A good craftsman takes pride in his ability to construct a piece of jewellery just from sheet and wire with basic hand tools and a blow torch for soldering.
For centuries this was the only option open to him other than casting and in certain designs it is still the obvious way to go.
The finest Jewellery is always hand made and is valued much higher because of it.
Nameplate necklaces and mounts for customer's stones that are not convention sizes are always hand made.
But customers need to understand that hand made jewellery is very labour intensive and wasteful of materials and with the high cost of gold and labour billed at £30 an hour, a hand made piece of jewellery is going to cost a lot more than a mass produced item.
There are certain short cuts that are now available that can make a new piece more cost effective to make. Jewellery wholesalers produce blanks of all the most popular designs of ring shanks and collets etc that can be modified to fit 90% of most customers requirements and are a considerable saving on making the same items by hand. A catalogue of available blank designs is always on hand.
One of the things a jeweller is asked to do is to make a copy of an existing object.
If that object is solid enough and no stones are set in it the most economical way to produce a copy is by lost wax CASTING.
An impression of a metal object can be captured by placing it in unvulcanised rubber. Heat and pressure is then applied via a press. On cooling the orginal item is cut out of the mould and returned unharmed to the customer. If the item had stones they have to be removed then replaced when the mould was completed.
With this mould it is now possible to make wax impressions of the original by squirting in liquid wax and letting it cool. The waxes are slightly smaller and have slightly less detail then the original piece. The best waxes are then set up on a wax casting tree which is then placed in a cylindrical flask and is covered with a solution made from investment powder. When the investment has hardened it can be placed in a heated kiln to burn out the wax leaving a space that was occupied by the original design.
Metal is then melted in a furnace and when sufficiently liquid is poured into the flask to occupy the spaces that were originally in wax form.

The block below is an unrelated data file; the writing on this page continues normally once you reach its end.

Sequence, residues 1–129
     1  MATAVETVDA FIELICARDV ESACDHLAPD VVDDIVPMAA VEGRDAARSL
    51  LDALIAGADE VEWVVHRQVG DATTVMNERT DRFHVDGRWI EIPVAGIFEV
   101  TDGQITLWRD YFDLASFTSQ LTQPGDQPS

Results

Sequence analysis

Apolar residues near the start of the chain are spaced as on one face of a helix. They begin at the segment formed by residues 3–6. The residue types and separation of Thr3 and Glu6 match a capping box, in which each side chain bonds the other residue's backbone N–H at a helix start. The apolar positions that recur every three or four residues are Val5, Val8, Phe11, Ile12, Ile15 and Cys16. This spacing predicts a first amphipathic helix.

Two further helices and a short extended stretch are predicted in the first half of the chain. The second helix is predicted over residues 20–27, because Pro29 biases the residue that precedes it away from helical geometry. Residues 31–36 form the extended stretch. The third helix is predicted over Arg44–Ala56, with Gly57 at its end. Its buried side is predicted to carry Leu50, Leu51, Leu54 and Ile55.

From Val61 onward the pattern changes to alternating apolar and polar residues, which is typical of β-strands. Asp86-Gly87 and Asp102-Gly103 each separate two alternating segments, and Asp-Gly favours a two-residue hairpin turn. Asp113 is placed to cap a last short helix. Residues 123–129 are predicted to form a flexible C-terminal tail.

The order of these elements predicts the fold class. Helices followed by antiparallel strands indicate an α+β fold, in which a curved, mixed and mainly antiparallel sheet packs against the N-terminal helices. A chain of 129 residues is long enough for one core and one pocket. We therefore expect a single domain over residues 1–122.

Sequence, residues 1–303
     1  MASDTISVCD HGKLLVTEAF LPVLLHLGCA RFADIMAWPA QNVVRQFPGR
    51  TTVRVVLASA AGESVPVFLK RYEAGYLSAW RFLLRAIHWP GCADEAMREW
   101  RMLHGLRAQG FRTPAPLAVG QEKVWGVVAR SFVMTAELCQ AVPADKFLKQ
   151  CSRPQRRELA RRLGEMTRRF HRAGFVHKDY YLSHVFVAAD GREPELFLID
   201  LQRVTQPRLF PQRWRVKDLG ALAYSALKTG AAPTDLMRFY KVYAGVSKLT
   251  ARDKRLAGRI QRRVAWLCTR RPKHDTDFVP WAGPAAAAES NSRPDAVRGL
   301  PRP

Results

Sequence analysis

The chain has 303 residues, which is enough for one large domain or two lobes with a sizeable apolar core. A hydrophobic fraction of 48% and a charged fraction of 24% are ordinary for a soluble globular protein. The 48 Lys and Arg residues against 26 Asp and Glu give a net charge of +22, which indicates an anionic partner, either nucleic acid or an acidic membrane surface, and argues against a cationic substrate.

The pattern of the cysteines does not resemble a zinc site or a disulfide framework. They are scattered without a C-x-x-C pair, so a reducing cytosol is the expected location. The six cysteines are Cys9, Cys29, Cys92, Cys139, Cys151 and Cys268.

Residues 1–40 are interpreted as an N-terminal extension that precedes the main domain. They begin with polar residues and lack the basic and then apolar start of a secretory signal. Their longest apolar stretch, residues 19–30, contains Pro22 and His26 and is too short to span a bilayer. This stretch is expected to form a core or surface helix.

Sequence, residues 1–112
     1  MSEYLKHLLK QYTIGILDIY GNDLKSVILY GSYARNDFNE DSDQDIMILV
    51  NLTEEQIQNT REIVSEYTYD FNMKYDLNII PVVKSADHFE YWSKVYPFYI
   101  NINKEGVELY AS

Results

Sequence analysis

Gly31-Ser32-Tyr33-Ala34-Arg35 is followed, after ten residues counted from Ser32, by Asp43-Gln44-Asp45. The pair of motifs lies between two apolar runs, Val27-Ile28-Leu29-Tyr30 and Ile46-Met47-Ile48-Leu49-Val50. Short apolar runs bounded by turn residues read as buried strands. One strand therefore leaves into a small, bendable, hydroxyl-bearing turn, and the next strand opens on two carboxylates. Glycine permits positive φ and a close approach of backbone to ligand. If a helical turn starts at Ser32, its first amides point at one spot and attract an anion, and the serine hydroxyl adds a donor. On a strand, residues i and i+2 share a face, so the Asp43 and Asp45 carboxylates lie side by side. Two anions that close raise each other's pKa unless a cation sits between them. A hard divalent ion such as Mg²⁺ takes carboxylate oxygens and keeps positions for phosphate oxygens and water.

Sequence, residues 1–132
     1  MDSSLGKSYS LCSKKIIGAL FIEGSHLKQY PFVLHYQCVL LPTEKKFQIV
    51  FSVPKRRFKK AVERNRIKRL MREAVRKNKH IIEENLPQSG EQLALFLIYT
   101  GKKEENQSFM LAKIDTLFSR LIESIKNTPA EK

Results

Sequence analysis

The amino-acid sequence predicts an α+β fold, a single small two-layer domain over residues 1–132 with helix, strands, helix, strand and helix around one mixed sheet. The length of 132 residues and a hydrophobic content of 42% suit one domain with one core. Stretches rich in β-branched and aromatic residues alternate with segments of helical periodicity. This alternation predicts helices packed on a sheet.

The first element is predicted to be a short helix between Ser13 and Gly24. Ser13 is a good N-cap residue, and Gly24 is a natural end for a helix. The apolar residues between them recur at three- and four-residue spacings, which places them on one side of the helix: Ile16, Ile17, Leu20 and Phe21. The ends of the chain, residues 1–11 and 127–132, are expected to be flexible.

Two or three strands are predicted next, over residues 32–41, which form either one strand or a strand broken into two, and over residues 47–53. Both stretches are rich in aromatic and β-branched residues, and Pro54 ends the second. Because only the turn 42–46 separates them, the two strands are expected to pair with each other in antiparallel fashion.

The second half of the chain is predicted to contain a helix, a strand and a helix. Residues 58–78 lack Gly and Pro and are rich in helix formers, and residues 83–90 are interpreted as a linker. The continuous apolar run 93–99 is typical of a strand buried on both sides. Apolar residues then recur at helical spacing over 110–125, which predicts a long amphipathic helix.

When the metal has cooled it is removed from the flask and the cast items are removed from the tree to be hand finished and polished.
This is an extremely cost effective way of producing jewellery which has been practiced since the Egyptian Dynasties and is the principle way that Creative Gold manufactures its jewellery for sale to the general public.
Creative Gold has over 450 different design moulds ready for a customer to choose from, however if this is not adequate, a new mould can be made from the customers orginal design.
Moulds cost from £40 upwards depending on size. They can be used again and again providing they are stored in the correct manner we therefore suggest that you let us store them for you.
A mould having being made, the design can be cast in all four different carats of gold, in silver and even in brass. Because of the small size of the shop and the need for adequate ventilation all casting is contracted out with the spurring of the master and the hand finishing of the castings completed on site.
Another cost effective way of making a design with symmetrical features is to use a C A D wax prototyping machine in conjunction with a computer running Rhino software. This designs the object in three dimensions and then accurately models it drop by drop in liquid wax.
Although this is equipment is extremely expensive to use it offers significant cost benefits over hand made jewellery and can produced perfect designs that would be impossible in any other way.
Customers can save costs by carrying out the initial design work on their own computer and giving us the data on a memory stick.
What ever your requirements Creative Gold is happy to undertake your commission and will always suggest the most cost effective way of producing a particular item.